Improving Population Demand Estimation with Transit Chaining Breaks
Jin Haitao1, 2, 3, *, Jin Fengjun1, 3, Ni Yong1, 3, 4, Huang Jianling2, Du Yong2
Identifiers and Pagination:Year: 2018
First Page: 319
Last Page: 325
Publisher Id: TOTJ-12-319
Article History:Received Date: 7/6/2018
Revision Received Date: 20/8/2018
Acceptance Date: 12/9/2018
Electronic publication date: 28/09/2018
Collection year: 2018
open-access license: This is an open access article distributed under the terms of the Creative Commons Attribution 4.0 International Public License (CC-BY 4.0), a copy of which is available at: https://creativecommons.org/licenses/by/4.0/legalcode. This license permits unrestricted use, distribution, and reproduction in any medium, provided the original author and source are credited.
Data mining of smart card data collected through AFC systems have proved useful in estimations of public transport demand. Whereas most estimations of demand are made by analyzing transit orientations or destinations of unchained transits. However, organization of bus or metro routes compels riders to make a lot of unnecessary transfers, and the transfer points are neither reflective of population’s actual orientations nor of their destinations.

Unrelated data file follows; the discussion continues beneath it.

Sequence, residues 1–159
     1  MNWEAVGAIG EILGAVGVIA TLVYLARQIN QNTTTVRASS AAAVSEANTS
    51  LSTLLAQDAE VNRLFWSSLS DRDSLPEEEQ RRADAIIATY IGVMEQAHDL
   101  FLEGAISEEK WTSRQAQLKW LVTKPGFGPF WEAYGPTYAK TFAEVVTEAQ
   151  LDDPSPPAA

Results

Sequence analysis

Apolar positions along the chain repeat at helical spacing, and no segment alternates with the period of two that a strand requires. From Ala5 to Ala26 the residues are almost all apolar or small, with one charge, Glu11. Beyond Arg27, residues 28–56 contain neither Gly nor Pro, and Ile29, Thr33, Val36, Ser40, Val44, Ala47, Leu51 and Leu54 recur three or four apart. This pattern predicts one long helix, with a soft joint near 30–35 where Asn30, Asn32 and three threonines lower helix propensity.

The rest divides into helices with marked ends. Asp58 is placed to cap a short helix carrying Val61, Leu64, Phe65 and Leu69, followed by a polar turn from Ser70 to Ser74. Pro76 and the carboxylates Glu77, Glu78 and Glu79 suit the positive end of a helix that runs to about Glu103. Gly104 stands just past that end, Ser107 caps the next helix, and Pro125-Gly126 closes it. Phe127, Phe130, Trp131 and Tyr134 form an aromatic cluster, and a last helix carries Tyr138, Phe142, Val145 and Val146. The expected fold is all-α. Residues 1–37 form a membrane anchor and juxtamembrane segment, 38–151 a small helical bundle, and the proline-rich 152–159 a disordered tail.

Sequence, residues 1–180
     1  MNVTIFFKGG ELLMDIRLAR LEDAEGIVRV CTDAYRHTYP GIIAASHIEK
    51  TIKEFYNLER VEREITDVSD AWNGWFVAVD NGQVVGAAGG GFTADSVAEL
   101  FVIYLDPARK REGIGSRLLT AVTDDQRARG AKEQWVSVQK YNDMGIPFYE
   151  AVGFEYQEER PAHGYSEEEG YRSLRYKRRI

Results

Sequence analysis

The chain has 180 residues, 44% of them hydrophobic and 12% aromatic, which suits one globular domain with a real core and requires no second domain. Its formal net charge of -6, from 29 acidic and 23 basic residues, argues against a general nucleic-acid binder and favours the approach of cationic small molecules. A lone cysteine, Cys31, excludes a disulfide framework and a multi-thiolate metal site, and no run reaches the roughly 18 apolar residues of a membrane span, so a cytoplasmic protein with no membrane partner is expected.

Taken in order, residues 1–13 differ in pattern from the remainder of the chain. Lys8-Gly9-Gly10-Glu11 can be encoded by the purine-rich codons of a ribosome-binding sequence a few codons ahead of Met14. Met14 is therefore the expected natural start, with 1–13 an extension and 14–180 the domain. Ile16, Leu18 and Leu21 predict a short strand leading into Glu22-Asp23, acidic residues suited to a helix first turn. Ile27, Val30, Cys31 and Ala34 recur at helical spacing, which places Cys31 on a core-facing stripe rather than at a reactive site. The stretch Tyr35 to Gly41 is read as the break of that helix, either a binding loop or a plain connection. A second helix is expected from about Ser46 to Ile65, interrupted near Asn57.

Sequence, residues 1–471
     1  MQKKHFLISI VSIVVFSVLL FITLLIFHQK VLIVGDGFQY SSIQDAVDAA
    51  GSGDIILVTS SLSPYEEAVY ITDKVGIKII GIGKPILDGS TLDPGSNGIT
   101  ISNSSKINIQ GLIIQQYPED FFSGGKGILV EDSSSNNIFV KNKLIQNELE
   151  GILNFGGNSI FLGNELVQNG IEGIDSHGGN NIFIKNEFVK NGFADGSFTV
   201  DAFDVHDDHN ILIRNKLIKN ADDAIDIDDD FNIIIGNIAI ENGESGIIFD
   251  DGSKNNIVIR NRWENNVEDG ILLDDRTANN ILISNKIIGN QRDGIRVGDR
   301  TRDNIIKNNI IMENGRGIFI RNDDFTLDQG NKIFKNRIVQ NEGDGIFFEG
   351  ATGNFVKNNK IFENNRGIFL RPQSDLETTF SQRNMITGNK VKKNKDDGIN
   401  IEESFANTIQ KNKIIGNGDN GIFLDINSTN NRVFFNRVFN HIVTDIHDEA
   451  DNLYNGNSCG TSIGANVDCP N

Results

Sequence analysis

Aims and Objectives:
The objective of this paper is to improve estimations of population demand by identifying transfer activities of riders using public transportation. Durations and displacements of transit chaining breaks are to be check in judging the transfer activities.
Boarding stops for making transfers are ruled out as transportation demand estimation. The effectiveness of the new approach entailing the use of transit chaining breaks is also to be evaluated based on the calculation of Pearson product-moment correlation coefficients for assessing the correlation between transportation estimation and population distribution.
Result and Conclusion:
Durations and displacements of transit chaining breaks could be used to identify transfer activities. The use of the transit chaining approach reduces the occurrence of false demand, resulting in the estimation being more objective in relation to the population.
The results of the study indicated that the inclusion of transit chaining breaks leads to more accurate estimations of public transport demand within a population.